One of Camp Fire’s five interwoven strategic commitments is addressing and ending cultural appropriation. In 2020, Camp Fire began working with Thrive Paradigm to identify culturally appropriative elements of its programming and recommend changes aligned with Camp Fire’s values of equity and inclusivity. In April through July of 2021, Thrive Paradigm helped Camp Fire establish a task force, conduct an audit and develop recommendations for changes and next steps.

The task force reiterated that Camp Fire has a long, rich history of positive youth development and that removing culturally appropriative practices doesn’t detract from that. Instead, making thoughtful changes to end cultural appropriation and acknowledging the harm that appropriation has done is right in line with Camp Fire’s founding mission to “guide young people on their journey to self-discovery.”

Inclusion in action

At Camp Fire, our camps welcome and support all youth. In addition, councils may also offer special interest camps:

  • Grief camps
  • Family camps
  • Special needs camps
  • Camp for children with autism (K-12)
  • School-break camps
  • LGBTQ camps
  • Camp for youth impacted by crime
  • Gluten-free camp
  • Camp for youth who are refugees

Young people help us co-create our programs.
Learn more about Camp Fire Teen Leadership opportunities.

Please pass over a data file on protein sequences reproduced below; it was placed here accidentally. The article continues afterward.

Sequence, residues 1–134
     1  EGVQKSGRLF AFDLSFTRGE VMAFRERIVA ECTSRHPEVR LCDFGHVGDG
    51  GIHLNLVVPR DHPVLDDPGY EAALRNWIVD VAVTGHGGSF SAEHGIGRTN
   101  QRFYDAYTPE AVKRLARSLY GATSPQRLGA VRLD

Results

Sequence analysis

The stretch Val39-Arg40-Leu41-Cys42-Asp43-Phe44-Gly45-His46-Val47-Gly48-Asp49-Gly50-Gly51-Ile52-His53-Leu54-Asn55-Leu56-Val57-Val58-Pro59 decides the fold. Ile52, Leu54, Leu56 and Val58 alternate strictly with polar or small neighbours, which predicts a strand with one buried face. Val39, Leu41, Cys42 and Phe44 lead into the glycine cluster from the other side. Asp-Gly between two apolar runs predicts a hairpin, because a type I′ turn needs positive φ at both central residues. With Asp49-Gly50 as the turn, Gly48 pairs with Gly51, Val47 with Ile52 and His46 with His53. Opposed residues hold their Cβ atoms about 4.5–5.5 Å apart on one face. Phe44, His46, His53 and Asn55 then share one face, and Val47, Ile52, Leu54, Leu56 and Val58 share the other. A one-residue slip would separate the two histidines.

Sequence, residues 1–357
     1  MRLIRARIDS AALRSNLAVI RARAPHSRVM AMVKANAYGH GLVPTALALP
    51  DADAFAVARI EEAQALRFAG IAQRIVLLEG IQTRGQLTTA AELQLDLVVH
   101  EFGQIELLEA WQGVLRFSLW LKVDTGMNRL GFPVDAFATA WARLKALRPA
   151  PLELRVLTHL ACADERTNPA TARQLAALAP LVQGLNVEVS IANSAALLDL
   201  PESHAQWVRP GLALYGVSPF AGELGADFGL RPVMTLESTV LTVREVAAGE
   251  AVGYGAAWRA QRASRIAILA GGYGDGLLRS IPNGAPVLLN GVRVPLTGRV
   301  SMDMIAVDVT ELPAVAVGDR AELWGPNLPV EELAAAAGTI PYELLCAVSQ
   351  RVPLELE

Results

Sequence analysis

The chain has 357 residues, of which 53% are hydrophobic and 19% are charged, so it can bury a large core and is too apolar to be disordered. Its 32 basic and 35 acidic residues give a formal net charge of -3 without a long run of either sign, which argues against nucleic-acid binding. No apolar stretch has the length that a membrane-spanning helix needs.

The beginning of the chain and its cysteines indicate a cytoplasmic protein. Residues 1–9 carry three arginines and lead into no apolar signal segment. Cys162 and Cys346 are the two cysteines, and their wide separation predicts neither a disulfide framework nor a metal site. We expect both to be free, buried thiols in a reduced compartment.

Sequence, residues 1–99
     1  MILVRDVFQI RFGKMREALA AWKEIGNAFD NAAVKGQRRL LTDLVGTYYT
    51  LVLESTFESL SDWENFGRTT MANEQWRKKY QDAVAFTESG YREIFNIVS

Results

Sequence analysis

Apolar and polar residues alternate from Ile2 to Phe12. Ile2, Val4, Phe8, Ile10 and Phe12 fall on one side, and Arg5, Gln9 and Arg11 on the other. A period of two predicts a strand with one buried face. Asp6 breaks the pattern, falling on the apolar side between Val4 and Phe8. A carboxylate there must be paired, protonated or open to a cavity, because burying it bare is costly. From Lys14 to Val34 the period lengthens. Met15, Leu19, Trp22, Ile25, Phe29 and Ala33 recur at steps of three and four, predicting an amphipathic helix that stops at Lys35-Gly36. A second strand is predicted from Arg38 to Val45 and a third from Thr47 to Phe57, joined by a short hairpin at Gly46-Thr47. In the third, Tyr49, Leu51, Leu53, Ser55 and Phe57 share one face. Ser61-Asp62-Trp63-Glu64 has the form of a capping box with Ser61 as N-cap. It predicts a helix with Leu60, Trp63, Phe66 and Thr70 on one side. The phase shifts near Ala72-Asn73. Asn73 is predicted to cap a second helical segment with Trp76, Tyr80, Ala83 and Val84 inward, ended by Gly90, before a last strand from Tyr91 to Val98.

In 2019, we began efforts to create greater access to overnight/resident camp among three cohorts of underserved youth: 1) young people from economically underserved backgrounds, 2) young people who identify as LGBTQ2S+, and 3) young people with disabilities. This work is made possible through a three-year grant from Margaret A. Cargill Philanthropies. As part of the grant, Camp Fire National Headquarters hired Ben Matthews as our program consultant for diversity and inclusion.

LGBTQ2S+ inclusion

2S is for Two Spirit. Two Spirit is a term designated for Native, Indigenous, and Alaska Native LGBTQ+ individuals. The word came from the Anishinabe language and means having both female and male spirits within one person. Two Spirit has a different meaning in different communities. –

Camp Fire is on a journey to acknowledge and rectify our history of cultural appropriation. Part of this journey is recognizing the harm that has been done and working to build new, trusted relationships with Native and Indigenous communities. As we move forward into new partnerships and spaces, we want to honor the significant and largely unrecognized contributions of Two Spirit and Indigenous people. By adding 2S to our LGBTQ2S+ acronym we remind ourselves that without these contributions we would not be here today and hold space in the future of Camp Fire for Native, Indigenous, and Two Spirit people to we welcome, affirmed, celebrated, and supported.


If you have exchanged emails with Camp Fire National Headquarters staff, you may have noticed that we have our personal pronouns in our email signatures. If you are not sure why they are there, or the importance of pronouns, check out this page to learn more!